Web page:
to leave Minneapolis just before the end of the Dylan Symposium, fly back to Penn State that evening, teach my seminar on CRITICAL ISSUES IN RACE AND ETHNICITY the next morning, switch my suitcase from Minnesota clothes to Alabama clothes, and get on down to Tuscaloosa for the conference titled ERUPTIONS OF FUNK, organized by poet and critic Anthony Bolden. But NorthWest Air had different plans, it seems, and I spent the night in Detroit, a place I love to visit, but I prefer to get beyond the airport. So I was rerouted to Alabama the next morning, missing my seminar, and arrived far earlier than the conference staff had been expecting. Still, they had someone in Birmingham to meet me at the plane, and they were so kind as to drive me by a department store so I could get clean socks and some short sleeve shirts. Then I was ready for the conference.
. . . where one of the first panels featured an excellent talk on the BOONDOCKS comic by Howard Rambsy, a graduate of Penn State's PhD program and currently on the faculty at Southern Illionis State (and keep an eye out for his first book, coming before too much longer, and well worth your reading). Howard was kind enough following the conference to share some of his photos with me. As you can imagine, he did not take this photo of himself, as I did not take any of the photos you'll see here in which I appear. I will try to tag the other photos Howard took in which the provenance isn't as obvious as in those two cases.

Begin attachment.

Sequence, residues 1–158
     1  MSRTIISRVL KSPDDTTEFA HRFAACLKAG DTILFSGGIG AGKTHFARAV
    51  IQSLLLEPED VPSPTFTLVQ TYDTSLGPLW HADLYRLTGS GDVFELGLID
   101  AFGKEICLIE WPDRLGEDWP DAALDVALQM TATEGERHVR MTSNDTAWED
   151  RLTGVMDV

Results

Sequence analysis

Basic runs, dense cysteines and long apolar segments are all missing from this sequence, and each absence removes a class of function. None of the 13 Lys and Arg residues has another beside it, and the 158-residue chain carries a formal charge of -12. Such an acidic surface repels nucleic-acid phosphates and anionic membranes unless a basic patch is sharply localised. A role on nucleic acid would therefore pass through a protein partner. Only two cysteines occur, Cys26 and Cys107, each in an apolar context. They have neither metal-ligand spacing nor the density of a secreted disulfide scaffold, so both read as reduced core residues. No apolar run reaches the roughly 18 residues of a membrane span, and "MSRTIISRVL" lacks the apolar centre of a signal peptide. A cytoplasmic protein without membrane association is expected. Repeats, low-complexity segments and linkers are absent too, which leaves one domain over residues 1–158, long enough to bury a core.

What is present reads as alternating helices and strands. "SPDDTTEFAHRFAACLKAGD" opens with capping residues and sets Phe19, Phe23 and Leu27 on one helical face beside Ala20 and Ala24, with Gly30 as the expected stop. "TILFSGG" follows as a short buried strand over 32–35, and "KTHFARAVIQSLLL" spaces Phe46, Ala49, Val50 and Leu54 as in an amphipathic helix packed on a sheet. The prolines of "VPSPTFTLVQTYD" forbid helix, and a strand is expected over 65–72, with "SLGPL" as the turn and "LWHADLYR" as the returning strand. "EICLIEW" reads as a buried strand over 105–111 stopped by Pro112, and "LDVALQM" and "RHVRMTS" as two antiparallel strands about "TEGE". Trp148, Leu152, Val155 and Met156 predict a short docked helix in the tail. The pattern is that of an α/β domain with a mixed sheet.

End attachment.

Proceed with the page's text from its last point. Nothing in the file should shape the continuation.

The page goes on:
One panel included, left to right, Emily Lordi, Ondra Thomas-Krouse and Scott Brown.
Thomas Sayers Ellis, Kalamu ya Salaam Tracy Morris and I gathered around the table where all the sound and visual equipment was stationed, a good twenty feet away from the podium with no remote. This produced some comic effects as we took turns being the "A.V. Nerd" for each other. Thomas showed up at Penn State to give us a poetry reading just a week later.
The panel I was on included Cheryl Keys, Mark Anthony Neal and R. Scott Heath. My own talk here arose from Tony Bolden's desire to have someone give a paper on Alabama-native Sun Ra. So I ventured some remarks on Sun Ra's musical engagements with his own home state. I'll post the opening portion (about Hughes, Baraka and Coltrane) on this blog shortly.
Kalamu and I also spent some time puzzling over a recalcitrant trope we found on the laptop screen.
Scott Heath, like several others, took his turn at the master control.
Mark Anthony Neal started out on the dais, gravitated to the AV table, and wound up wandering productively in the netherworld of funk and critique, much to the benefit of all of us. Mark was also the only cultural studies guy I've ever heard invoke the too nearly forgotten D. J. Rogers, who was not a DJ, but whose "Say You Love Me" will change your life.
The fine folk in Alabama took very good care of us. Here Mark Anthony Neal and Scott Heath, having finished dinner, contemplate the potential move of a major dude from Penn to G'Town.
Tony Bolden wonders what he hath wrought.
Kalamu ya Salaam pays honor to the next generation.
Historian Scott Brown brought his bass with him all the way from UCLA, and got up on stage with the poets both nights. The first evening he jammed with Kalamu ya Salaam; the second night brought us a spirited improvisation between Scott and Tracy Morris, which elicited two surprises: (1) Tracy Morris was a fan of the group Queen, (2) Tracy Morris turns out to have an excellent singing voice. These photos are by Howard Rambsy.